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February 14, 2011 4:20:31 PM

Quote:
The AV receiver and the speakers aren't new, just the sound card is. I'm not using the analog output, I run the optical spdif from the sound card to my receiver. Same receiver and speakers that I used before, didn't happen until I installed this card.


I *think* what might be happening is this: The SPDIF port typically is disabled when no audio is comming through it, so when it detects an audio stream going over the port, there is a brief instance where it has a half-second or so of static/crackling/noise when an audio stream first comes over the port. My ASUS D2 did that as well, and I suspect its a C-Media design issue [ASUS and HT Omega both use C-media chipsets]. I assume that after that half second or so, the audio plays without issue?

You could disable the *click* playback within windows, which should help a bit [sanity wise if nothing else].

You might also want to query HT Omega and see what they have to say on the issue.

Quote:
The Striker II Formula (my mobo) has onboard optical spdif (what I was using before), but only works if you install the little pci-express x1 sound card that comes with it. I still have that card installed, could it interfere?


Probably not; I've had several sound devices installed at the same time without issue. It simply depends on whether the drivers are coded on the assumption there could be a second audio device installed at the same time...
February 14, 2011 4:38:42 PM

gamerk316 said:
I *think* what might be happening is this: The SPDIF port typically is disabled when no audio is comming through it, so when it detects an audio stream going over the port, there is a brief instance where it has a half-second or so of static/crackling/noise when an audio stream first comes over the port. My ASUS D2 did that as well, and I suspect its a C-Media design issue [ASUS and HT Omega both use C-media chipsets]. I assume that after that half second or so, the audio plays without issue?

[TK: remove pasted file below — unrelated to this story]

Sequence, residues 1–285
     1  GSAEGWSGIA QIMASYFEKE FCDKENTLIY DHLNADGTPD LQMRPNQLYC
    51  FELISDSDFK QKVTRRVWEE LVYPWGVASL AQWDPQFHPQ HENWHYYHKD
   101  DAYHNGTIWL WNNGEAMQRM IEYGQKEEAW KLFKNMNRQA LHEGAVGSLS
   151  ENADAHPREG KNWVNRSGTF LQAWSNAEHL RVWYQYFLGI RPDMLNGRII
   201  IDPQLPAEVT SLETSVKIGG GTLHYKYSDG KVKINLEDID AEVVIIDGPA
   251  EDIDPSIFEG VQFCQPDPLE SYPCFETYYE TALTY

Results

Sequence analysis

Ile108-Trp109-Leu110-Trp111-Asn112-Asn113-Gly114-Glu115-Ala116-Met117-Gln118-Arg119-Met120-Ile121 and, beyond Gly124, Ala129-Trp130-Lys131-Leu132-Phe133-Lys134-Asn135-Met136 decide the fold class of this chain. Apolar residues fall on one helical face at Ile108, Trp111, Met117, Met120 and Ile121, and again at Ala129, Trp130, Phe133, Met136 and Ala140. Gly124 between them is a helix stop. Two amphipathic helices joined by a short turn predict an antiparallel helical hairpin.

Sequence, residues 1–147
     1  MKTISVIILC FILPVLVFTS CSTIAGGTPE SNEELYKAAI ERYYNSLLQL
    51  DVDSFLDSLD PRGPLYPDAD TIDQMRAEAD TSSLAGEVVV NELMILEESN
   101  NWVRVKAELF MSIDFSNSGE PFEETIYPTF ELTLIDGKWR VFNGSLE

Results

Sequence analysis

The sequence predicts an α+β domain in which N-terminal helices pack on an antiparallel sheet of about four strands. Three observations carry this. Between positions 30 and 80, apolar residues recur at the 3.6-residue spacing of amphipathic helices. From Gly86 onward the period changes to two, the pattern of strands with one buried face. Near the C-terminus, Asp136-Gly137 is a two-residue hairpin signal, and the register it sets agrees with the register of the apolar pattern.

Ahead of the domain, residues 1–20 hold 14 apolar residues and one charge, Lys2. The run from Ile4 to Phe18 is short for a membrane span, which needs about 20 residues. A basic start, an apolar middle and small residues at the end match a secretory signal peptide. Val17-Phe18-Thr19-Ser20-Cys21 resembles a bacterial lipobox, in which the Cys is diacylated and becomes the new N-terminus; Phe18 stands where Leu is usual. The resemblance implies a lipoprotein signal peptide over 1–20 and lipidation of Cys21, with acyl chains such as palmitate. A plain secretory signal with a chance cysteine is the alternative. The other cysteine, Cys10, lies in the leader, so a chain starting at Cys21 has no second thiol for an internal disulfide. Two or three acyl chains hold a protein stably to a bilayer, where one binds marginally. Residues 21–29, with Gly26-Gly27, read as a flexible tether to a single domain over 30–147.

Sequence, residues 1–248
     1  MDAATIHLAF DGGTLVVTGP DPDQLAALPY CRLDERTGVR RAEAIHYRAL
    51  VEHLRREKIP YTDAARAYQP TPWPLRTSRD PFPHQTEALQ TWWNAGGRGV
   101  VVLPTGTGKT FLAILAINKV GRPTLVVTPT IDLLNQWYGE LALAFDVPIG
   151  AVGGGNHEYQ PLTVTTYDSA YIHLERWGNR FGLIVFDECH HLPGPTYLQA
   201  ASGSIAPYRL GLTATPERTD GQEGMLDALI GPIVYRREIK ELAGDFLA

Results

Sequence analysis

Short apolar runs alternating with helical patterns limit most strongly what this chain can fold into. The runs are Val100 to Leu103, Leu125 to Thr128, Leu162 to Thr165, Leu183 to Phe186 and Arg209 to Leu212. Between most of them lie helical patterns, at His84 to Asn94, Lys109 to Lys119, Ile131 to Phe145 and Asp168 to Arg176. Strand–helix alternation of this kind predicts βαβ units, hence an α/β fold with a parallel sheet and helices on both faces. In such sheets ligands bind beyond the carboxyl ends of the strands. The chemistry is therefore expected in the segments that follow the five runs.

Yes, after the very short (very horrible, typically very loud) sound, it goes to normal playback. According to your explanation, it seems like it should happen each time I begin sound, which isn't the case. For example I don't believe it has ever happened on the Windows click sounds, music playing via VLC has been the most constant culprit.
February 14, 2011 6:39:03 PM

Huh, might be a different issue then I had on my D2 then...Not really sure then...I assume you are outputing 2.0 PCM and not doing encoding to Dolby/DTS?
February 14, 2011 6:54:03 PM

gamerk316 said:
Huh, might be a different issue then I had on my D2 then...Not really sure then...I assume you are outputing 2.0 PCM and not doing encoding to Dolby/DTS?


I have played with some of the options in the software that comes with the card. I know I messed with Dolby/DTS for a while, not sure if I left that on or not, and I'm not currently at home to check. Is there a reason I shouldn't have it set to use one of those encoding methods?

As is probably evident at this point, I am a novice when it comes to sound devices.